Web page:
InAsSbBi and InSbBi: Potential Material Systems for Infrared Detection


InSb1−x Bix (0.01 < × < 0.14) and InAsSbBi quaternary alloys are potentially attractive materials for the development of semiconductor infrared detectors covering the 8–14 μm range [1,2,3].

We report for the first time, MOCVD growth of InSo1−x Bix (0.01 < × < 0.14) and InAs1−x−y Sbx Biy with 0.5 < × < 0.7 and 0.01 < y < 0.04 on both GaAs and InSb substrates using AsH3, TMSb, TEI and TMBi. Electrical measurements of the undoped InSo0.99 Bi0.01 shows a background carrier concentration of approximately 1016/cm3 and a room temperature mobility of 20,215 cm2/V.sec. To-date, these are the best reported electrical measurements for this ternary alloy.

The formation of a secondary Bi phase and single crystal growth of metallic bismuth-antimony at the surface of InSo1−x Bix which results in deterioration of morphology with increasing values of x is also investigated. A wide range of analytic techniques, including SEM, EDX, electron microprobe and AES have been employed in our surface analysis.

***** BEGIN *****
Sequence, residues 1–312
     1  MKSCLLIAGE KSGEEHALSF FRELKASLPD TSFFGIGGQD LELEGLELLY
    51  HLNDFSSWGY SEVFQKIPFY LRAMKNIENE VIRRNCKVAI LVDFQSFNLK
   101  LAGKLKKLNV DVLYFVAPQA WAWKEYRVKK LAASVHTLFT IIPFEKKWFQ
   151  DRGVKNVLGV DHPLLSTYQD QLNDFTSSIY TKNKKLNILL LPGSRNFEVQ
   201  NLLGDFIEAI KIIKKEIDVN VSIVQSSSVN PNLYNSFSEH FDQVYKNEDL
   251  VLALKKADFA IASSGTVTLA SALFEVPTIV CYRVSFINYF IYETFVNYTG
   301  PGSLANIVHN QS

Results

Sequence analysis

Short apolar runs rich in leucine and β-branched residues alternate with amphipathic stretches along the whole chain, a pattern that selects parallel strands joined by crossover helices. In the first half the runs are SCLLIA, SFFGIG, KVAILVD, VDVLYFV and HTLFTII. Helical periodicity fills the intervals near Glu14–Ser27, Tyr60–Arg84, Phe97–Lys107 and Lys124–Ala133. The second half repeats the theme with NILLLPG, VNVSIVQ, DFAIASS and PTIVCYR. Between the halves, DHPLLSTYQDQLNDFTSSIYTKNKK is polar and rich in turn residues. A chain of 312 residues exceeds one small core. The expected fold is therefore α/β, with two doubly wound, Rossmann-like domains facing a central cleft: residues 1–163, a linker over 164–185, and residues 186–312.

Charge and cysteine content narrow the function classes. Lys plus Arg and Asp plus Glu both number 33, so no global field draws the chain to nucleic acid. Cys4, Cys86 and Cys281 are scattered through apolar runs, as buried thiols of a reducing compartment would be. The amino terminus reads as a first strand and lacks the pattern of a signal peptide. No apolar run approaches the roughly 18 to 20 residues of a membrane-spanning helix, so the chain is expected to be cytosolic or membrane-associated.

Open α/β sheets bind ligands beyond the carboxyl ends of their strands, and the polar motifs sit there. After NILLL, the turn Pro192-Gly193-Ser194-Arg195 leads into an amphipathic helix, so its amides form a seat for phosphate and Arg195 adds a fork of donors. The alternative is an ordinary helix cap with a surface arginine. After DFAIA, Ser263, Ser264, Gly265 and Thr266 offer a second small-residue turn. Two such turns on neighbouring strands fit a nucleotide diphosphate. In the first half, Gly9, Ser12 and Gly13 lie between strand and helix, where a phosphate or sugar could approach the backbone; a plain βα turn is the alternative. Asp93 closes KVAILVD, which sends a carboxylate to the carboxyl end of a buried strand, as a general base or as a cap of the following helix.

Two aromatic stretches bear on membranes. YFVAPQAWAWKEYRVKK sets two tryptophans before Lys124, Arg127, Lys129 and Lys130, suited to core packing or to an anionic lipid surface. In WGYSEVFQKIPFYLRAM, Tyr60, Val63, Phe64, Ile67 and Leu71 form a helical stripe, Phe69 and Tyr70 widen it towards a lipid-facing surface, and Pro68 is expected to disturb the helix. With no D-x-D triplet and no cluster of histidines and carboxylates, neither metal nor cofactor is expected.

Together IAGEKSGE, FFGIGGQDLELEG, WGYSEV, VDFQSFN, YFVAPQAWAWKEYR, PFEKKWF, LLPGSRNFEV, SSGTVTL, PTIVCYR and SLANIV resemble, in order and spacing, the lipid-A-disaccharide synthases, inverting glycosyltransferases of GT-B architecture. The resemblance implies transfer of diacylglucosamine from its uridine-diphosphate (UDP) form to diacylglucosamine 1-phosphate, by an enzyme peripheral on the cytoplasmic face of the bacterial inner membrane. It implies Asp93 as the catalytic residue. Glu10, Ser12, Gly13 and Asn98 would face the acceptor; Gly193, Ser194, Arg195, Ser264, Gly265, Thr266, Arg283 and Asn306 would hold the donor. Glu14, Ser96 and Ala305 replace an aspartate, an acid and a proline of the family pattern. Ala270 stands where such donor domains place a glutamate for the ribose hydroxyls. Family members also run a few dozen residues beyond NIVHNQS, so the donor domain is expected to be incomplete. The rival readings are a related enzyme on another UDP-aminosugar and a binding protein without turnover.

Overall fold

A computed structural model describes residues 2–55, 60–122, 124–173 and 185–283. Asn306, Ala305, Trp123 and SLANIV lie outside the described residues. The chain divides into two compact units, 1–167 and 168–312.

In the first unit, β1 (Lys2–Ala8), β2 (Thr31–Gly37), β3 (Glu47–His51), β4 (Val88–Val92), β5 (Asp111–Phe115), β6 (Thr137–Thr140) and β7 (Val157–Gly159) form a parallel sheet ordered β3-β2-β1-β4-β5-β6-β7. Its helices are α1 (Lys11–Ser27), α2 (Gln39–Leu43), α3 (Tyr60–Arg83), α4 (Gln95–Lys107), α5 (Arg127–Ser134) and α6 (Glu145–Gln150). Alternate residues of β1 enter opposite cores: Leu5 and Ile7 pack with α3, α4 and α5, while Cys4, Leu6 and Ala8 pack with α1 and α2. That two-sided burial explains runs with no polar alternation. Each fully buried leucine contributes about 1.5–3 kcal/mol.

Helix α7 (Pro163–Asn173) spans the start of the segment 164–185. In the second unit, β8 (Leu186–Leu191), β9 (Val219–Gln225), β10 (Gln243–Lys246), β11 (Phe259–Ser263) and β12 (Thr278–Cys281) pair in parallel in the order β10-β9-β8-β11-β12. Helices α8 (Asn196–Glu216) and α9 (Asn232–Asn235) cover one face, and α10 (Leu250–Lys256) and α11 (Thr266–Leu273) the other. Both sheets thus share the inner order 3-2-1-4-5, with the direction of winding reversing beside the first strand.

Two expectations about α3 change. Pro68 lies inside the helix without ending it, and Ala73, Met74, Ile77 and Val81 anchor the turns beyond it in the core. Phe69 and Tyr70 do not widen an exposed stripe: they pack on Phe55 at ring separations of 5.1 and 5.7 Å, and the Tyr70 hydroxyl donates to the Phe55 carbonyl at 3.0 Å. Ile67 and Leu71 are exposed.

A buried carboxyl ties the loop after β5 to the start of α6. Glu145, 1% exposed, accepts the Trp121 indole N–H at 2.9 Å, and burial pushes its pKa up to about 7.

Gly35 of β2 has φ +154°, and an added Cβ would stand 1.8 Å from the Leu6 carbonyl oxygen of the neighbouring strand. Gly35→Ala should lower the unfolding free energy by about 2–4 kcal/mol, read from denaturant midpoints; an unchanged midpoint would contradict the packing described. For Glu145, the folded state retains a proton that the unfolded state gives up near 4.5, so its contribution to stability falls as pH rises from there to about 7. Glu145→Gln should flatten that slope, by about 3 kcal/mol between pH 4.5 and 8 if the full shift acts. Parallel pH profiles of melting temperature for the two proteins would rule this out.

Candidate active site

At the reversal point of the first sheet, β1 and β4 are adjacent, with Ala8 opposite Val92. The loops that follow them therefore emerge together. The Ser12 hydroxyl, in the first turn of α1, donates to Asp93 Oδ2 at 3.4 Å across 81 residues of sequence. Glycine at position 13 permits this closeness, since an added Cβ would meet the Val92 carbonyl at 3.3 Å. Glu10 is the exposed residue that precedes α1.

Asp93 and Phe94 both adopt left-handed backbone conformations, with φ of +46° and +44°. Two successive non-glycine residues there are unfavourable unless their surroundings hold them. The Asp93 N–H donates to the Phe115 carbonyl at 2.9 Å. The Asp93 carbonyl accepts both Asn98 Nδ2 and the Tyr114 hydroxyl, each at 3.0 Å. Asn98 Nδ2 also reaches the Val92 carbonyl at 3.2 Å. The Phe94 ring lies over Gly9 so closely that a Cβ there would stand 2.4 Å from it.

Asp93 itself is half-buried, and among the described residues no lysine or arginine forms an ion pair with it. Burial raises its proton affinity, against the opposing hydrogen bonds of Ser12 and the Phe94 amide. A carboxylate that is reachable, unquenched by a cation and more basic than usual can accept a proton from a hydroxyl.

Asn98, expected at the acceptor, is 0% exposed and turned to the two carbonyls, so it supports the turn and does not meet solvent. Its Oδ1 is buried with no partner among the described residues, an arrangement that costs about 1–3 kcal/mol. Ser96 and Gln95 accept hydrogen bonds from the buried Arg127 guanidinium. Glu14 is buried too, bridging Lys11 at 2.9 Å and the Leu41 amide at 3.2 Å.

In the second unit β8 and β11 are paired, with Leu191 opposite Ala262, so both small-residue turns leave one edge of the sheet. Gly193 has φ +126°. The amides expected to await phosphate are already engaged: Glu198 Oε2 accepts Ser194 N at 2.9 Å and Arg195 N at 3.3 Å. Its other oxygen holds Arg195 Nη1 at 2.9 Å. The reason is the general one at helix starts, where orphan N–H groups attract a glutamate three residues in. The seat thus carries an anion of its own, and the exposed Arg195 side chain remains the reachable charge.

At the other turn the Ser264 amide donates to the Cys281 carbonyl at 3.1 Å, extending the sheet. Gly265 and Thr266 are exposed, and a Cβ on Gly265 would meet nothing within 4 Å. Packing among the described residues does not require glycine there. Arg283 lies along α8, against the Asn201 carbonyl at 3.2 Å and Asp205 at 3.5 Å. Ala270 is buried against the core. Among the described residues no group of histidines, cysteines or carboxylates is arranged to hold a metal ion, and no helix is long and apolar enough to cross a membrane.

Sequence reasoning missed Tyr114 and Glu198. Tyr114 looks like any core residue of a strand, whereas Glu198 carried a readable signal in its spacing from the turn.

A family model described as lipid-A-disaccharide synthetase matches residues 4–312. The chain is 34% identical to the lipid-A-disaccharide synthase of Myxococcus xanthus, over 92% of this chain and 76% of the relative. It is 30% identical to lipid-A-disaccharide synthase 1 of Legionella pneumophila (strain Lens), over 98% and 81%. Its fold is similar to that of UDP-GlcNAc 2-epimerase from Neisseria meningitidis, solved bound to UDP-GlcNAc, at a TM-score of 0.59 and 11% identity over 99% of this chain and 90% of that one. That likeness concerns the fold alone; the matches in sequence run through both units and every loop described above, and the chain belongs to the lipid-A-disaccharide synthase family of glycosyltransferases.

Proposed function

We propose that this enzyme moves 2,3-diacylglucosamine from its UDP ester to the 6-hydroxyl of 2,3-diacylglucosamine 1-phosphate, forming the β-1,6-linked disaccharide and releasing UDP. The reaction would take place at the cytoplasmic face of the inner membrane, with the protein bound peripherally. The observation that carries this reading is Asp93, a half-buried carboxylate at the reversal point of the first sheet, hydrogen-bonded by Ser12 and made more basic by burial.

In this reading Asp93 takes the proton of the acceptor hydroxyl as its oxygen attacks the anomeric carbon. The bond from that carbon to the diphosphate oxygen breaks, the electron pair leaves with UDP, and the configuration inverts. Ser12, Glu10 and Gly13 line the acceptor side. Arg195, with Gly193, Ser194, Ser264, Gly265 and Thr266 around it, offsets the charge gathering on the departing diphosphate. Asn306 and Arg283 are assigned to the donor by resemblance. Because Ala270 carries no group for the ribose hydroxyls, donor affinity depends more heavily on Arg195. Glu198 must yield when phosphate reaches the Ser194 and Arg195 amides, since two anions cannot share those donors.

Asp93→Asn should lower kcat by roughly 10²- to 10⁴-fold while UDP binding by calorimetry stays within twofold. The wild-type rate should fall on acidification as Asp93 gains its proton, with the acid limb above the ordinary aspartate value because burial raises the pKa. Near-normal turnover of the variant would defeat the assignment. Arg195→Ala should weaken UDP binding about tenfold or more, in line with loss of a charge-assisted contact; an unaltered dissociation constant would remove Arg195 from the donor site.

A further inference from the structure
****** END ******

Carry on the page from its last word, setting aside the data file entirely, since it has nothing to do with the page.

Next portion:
This is a preview of subscription content, access via your institution.


  1. 1.

    J. L. Zilko and J. E. Green, J. Appl. Phys. 51, 1549 (1979).

    Google Scholar 

  2. 2.

    K.. Oe, S. Ando and K. Sugiyama, J. Appl. Phys. 20, L303 (1981).

    CAS  Google Scholar 

  3. 3.

    A. J. Noreika, W. J. Takei, M. H. Francombe and C. E. C. Wood, J. Appl. Phys. 53, 4932 (1978).

    Google Scholar 

  4. 4.

    A. J. Noreika, J. Greggi, Jr., W. J. Takei and M. H. Francombe, J. Vac. Sci. Technol. A1, 558 (1983).

    Google Scholar 

  5. 5.

    B. Joukoff and A. M. Jean-Louis, J. Cryst. Growth. 12, 169 (1972).

    CAS  Google Scholar 

  6. 6.

    J. L. Zilko and J. E. Green, Appl. Phys. Lett. 33, 256 (1978).

    Google Scholar 

Download references

Author information



Corresponding author

Correspondence to S. M. Bedair.

Rights and permissions

Reprints and Permissions

About this article

Cite this article

Bedair, S.M., Humphreys, T.P., Chaing, P.K. et al. InAsSbBi and InSbBi: Potential Material Systems for Infrared Detection. MRS Online Proceedings Library 90, 447 (1986).

Download citation